Why did we establish the custom of eating eel on this day, and why did the saying emerge? There are many theories, but it seems most probable that Hiraga Gennai popularized the term. Hiraga Gennai was a renowned genius during the Edo period. Aside from his accomplishments in areas such as botany and Western studies, he was also known as an intellectual, entrepreneur and inventor. When an eel-shop owner and friend asked Gennai what he could do to increase sales, he suggested using the old custom that it was good luck to eat a food that starts with “u” (as in unagi or eel) on the Day of the Ox. Thus the phrase, “Today is the Day of the Ox (Ushi no Hi),” phrase was coined. The anecdote states that this phrase caught on then. It is still used today.


Effective not only for summer fatigue but also for longevity

Eel has many nutrients that are effective for recovery from fatigue and the prevention of decreased appetite.

It has an astounding amount of vitamin A. Its vitamin A content is said to be about 4,400 micrograms for every 100 grams. In comparison, sardines have 40 micrograms and mackerel have 24 micrograms. Aside from having the fats necessary to absorb vitamin A, it is also rich in DHA (docosahexaenoic acid) and EPA (eicosapentaenoic acid).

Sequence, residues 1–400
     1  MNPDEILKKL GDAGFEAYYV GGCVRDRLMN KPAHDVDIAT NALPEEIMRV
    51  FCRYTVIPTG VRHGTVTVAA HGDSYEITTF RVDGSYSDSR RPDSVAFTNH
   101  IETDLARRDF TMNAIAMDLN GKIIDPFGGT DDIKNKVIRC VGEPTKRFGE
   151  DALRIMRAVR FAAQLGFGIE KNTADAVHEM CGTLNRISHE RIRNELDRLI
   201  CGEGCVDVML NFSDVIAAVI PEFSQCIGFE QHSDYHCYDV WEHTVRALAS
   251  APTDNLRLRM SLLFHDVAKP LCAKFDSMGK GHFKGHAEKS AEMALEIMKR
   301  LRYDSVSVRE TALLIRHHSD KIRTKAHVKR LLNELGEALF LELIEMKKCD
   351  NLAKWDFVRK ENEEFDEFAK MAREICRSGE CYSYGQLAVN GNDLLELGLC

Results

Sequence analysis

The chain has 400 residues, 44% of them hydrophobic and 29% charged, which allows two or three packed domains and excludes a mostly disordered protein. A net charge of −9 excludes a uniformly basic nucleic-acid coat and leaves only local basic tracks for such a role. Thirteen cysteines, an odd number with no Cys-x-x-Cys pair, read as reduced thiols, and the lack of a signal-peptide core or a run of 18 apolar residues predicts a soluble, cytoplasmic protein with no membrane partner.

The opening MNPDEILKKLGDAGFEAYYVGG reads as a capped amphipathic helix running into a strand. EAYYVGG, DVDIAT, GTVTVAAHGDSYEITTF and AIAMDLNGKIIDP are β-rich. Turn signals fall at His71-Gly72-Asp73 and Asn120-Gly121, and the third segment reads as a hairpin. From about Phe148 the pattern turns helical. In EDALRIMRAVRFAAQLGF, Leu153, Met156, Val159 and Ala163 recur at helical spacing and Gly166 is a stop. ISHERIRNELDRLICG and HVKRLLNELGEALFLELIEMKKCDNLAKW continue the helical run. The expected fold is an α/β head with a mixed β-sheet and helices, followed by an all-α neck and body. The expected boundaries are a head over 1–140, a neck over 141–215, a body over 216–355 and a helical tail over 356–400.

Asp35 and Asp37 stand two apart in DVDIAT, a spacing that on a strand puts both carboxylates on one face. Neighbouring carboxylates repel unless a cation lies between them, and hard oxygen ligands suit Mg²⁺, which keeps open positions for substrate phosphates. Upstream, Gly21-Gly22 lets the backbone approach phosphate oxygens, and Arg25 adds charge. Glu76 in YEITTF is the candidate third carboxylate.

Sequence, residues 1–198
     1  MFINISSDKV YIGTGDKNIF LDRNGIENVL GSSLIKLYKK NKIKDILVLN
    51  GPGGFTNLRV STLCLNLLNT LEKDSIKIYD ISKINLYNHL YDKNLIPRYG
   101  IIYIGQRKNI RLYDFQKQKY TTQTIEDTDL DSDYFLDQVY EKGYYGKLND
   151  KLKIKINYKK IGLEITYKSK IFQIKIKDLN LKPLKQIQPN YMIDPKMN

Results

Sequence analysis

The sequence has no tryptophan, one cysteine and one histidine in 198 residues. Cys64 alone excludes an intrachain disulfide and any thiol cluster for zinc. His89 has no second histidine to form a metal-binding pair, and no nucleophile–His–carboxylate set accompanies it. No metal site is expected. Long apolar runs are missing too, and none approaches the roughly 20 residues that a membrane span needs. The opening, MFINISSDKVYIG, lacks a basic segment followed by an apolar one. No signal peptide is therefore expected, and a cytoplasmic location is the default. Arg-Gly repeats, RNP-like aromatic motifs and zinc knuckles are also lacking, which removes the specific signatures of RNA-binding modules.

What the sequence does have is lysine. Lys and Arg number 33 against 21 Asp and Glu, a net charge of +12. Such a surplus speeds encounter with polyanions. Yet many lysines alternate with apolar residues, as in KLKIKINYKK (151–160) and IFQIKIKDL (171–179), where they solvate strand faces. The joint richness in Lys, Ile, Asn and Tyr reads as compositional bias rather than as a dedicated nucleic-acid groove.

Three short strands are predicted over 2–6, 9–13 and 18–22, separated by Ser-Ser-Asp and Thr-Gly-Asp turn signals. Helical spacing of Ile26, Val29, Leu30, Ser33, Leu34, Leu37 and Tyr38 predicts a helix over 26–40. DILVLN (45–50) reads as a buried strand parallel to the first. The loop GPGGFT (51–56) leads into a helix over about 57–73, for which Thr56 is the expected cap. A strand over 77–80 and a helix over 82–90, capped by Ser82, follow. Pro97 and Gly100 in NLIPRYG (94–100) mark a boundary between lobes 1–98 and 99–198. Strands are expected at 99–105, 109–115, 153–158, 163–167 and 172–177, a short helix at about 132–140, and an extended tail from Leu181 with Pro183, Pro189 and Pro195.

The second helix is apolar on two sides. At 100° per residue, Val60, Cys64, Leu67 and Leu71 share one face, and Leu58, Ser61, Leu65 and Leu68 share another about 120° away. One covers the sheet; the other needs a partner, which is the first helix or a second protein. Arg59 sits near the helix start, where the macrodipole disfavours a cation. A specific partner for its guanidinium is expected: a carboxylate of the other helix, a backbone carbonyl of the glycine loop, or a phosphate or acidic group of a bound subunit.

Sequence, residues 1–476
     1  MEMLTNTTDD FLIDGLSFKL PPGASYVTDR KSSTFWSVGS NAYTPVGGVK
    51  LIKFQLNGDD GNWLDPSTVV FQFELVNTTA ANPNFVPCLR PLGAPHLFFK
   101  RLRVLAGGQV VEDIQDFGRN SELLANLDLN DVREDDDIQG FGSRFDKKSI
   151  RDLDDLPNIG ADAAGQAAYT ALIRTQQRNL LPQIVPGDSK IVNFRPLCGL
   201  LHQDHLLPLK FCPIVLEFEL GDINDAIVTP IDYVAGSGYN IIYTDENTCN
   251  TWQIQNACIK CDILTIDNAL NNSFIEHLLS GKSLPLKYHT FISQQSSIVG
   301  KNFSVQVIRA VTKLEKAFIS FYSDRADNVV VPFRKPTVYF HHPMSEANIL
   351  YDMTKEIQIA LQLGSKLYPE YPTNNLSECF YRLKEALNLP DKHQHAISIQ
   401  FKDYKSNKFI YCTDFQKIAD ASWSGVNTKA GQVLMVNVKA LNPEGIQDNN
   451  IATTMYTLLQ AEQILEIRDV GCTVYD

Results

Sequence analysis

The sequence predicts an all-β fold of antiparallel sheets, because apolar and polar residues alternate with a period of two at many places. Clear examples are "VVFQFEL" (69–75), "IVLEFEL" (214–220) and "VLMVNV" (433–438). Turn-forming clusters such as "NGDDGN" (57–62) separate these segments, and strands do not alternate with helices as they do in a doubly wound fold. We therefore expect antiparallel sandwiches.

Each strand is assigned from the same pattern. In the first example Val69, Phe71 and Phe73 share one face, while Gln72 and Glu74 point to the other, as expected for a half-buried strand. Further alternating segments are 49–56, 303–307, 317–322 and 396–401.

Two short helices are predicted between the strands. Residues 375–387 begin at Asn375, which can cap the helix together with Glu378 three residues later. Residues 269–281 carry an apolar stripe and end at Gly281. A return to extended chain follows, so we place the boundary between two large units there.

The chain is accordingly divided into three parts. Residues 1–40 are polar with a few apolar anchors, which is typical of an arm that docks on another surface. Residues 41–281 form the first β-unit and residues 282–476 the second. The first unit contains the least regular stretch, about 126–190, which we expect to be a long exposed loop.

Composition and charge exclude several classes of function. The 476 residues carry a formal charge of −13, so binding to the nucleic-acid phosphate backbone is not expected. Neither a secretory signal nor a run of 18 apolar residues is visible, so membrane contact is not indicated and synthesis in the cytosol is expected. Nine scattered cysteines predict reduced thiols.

According to research by the Ministry of Health, Labor and Welfare, Hamamatsu–famous for its eel–was ranked the number-one city for healthy life expectancy. It seems only natural to assume that there is some connection between the fact that the city spends most heavily on eel and that it has the longest healthy life expectancy.


What will happen to the price of eel!?

We would love to continue eating eel in order to stay healthy, but recently young eel (shirasu eel) have been difficult to catch, causing market prices to sky rocket. Consequently, this ingredient has become more expensive than ever. The catch this year has been comparatively fair, though, and prices are expected to stabilize.

We all need to consume eel, with its abundance of stamina-rich ingredients, to get through the hot summer days.